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Eric Feigenbaum

What Makes Apple Stores So Appealing?

The stores are known for one attribute above all else – and it’s also the defining aesthetic of effective store design




WHY DO WE LOVE Apple as much as we do? Sure, we love the whizzy technology, but mostly we love the Cupertino, Calif.-based company because everything they offer is beautifully designed: It’s sleek, it’s sexy and it’s cool.

Like so many influencers, innovators and visionaries, Steve Jobs drew inspiration from his earliest childhood memories. Growing up in a mid-century, working-class neighborhood of San Francisco, Jobs took notice of the modern simplicity of the fast-track homes being built for those fleeing the challenges and hardships of the hardscrabble inner cities during the great post-war rush to suburbia.

Back then, Jobs recognized the beautiful and practical simplicity of the homes being built in the mushrooming suburbs; they were neat, efficient and affordable. It’s not merely happenstance or coincidence that this aesthetic was translated to the early Macs, iPods and iPhones. Mid-century architect Mies van der Rohe told us that, “Less is more.” This construct, along with the influences of his early environment, helped Jobs define the Apple aesthetic, a vision that set the tech giant apart from all of the other technology companies.

Raymond Mastrobuoni was the window director at Cartier’s for 40 years, beginning his career shortly before Apple turned the world on its edge. Much like Jobs, Mastrobuoni approached life with his eyes wide open. He always believed that wherever you go, and whatever you see, is a learning experience. “One should be like a sponge and soak it all in. When you travel, you learn, you photograph, and you buy things from the people of the culture you are visiting,” he once said.

When Ray visited Japan for the first time in 1968, he was fascinated by origami, floral arrangement, brush painting and the beautiful simplicity of design. While at a monastery near Kyoto, Ray admired the many brush paintings he saw there. Ever curious, he wanted to learn more and was struck by the simplicity of the calligraphy and the fluidity in which the paint was applied.

What Ray learned in the ensuing days was the power and beauty of simplicity. In watching the master, he marveled as the concept of a bird was communicated in one, maybe two simple strokes. A bird is a complex entity, it has wings and feathers, beaks and claws. It was with a simple, spontaneous line, that the master was able to capture the essence and evocative emotion of a bird. “You must learn how to simplify,” he told Ray. “You must use the least amount of strokes to say what you want to say.”


Ray learned to take his brush and dip one corner of its bristles in one color, the other corner in another color, and the top in a third color. He then applied the pigments to paper with a twist of the wrist, pulling the brush from thick to thin. With two more strokes, he was able to communicate the idea of a bird and the idea of fish. The most important lesson he learned through this experience was to study the object that he was going to draw or paint. “You can’t draw anything that you don’t know. Study and feel the object. Once you know what you have, then, and only then, can you draw it. You must know the object, animate or inanimate, and everything about it. Then when you know and understand the object, and you know what you want to say, break it down to its simplest terms. Communicate the essence of the object in the least amount of strokes.”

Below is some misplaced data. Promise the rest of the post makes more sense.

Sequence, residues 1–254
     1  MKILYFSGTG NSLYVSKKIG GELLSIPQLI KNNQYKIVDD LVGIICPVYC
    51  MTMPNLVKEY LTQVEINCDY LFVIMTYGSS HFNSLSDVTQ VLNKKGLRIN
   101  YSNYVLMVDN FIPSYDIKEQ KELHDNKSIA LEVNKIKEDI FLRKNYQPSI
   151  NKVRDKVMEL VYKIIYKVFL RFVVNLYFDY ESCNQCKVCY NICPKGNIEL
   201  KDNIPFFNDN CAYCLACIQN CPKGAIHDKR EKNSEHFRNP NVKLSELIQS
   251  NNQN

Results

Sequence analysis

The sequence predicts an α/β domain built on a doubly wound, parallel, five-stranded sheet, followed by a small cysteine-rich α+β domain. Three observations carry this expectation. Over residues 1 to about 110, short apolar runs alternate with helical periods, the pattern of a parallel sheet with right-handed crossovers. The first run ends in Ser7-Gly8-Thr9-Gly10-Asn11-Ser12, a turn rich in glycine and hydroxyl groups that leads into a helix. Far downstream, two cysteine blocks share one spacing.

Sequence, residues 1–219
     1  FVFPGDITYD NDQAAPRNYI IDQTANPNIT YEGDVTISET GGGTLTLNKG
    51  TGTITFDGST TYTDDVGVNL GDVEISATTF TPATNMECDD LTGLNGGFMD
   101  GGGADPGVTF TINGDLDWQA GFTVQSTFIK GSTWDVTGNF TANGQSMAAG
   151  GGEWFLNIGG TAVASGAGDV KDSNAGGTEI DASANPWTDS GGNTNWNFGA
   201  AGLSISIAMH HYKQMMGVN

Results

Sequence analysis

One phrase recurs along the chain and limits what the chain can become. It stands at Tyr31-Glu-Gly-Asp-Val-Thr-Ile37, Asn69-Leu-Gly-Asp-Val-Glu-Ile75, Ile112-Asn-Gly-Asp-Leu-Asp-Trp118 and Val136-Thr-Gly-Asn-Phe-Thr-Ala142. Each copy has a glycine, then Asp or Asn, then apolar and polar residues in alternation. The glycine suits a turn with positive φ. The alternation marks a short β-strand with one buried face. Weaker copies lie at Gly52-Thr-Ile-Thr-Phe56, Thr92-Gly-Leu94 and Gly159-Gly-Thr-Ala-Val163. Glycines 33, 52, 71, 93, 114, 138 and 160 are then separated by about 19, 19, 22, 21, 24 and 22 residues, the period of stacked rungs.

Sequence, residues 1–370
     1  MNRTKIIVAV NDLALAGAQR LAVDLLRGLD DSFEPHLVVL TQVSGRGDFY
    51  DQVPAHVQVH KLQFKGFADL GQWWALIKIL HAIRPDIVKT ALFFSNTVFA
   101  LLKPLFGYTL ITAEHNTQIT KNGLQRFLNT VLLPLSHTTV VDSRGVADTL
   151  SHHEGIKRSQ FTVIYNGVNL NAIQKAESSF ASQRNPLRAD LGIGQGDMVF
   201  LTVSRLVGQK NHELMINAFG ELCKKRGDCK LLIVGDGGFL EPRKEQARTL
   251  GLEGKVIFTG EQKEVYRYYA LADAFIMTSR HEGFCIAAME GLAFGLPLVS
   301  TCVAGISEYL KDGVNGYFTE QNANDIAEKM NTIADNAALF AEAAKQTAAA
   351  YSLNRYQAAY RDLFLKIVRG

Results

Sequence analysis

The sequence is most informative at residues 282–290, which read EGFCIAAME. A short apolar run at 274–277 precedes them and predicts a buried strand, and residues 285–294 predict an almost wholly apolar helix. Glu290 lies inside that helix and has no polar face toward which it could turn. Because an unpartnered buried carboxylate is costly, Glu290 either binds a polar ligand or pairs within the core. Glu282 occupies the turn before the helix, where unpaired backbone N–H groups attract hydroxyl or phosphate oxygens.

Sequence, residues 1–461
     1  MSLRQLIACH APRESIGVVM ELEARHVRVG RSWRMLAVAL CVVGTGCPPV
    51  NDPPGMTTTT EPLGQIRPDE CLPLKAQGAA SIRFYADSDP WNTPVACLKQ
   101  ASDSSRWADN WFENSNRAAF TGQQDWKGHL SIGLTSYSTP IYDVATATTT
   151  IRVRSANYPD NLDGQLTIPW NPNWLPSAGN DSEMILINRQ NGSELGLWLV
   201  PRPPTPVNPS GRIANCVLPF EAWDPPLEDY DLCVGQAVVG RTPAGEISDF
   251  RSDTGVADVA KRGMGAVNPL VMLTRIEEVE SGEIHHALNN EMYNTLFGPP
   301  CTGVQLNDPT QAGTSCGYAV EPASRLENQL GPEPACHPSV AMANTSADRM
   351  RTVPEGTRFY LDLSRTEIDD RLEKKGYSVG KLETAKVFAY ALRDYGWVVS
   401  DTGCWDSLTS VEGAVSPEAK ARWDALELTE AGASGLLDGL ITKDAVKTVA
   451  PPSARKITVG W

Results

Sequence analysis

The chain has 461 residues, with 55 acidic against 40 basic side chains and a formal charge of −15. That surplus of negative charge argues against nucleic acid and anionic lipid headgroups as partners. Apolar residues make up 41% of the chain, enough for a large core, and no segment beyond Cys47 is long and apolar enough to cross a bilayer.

The concept of simplicity has been championed by many of the great thinkers and visionaries in the art and design community, including Jobs and Mastrobuoni.

Raymond Loewy, the world-renowned industrial designer, told us, “Simplicity is the deciding factor in the aesthetic equation.

Similarly, Constantin Brancusi penned the words that every designer should hold near and dear to their heart, “Simplicity is complexity resolved.”

Much like Mastrobuoni’s early attempts at brush painting, Brancusi’s iconic sculpture, Bird in Space, on permanent exhibition at the Museum of Modern Art in New York City, communicates the concept of a bird with a simple gesture – a single mellifluous line capturing the contours and spirit of our feathered friends. In depicting the nuances of a bird, Brancusi made an enduring statement and emotional connection through the art of simplification.

Much like a bird, it can be argued that a store is also a complex entity, with styles, sizes, silhouettes, and myriad sources of information and stimulation. And while our world grows increasingly complex, particularly in the wake of the pandemic, it’s imperative that designers streamline the retail process.


Today’s customers are searching for safety and convenience in an ever-chaotic world. Given the conditions of the day, and the complexities of retail, designers should consider the perspectives of Steve Jobs and Raymond Mastrobuoni. The successful retail designer must strive to simplify our lives and create order out of chaos.





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